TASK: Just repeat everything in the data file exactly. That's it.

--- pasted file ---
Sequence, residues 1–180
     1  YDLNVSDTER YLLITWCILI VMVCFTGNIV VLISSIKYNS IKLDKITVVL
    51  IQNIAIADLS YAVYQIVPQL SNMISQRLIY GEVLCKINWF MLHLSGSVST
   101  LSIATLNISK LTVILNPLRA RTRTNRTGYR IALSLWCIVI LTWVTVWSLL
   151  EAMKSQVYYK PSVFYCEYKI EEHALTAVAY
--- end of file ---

Sequence, residues 1–180
     1  YDLNVSDTER YLLITWCILI VMVCFTGNIV VLISSIKYNS IKLDKITVVL
    51  IQNIAIADLS YAVYQIVPQL SNMISQRLIY GEVLCKINWF MLHLSGSVST
   101  LSIATLNISK LTVILNPLRA RTRTNRTGYR IALSLWCIVI LTWVTVWSLL
   151  EAMKSQVYYK PSVFYCEYKI EEHALTAVAY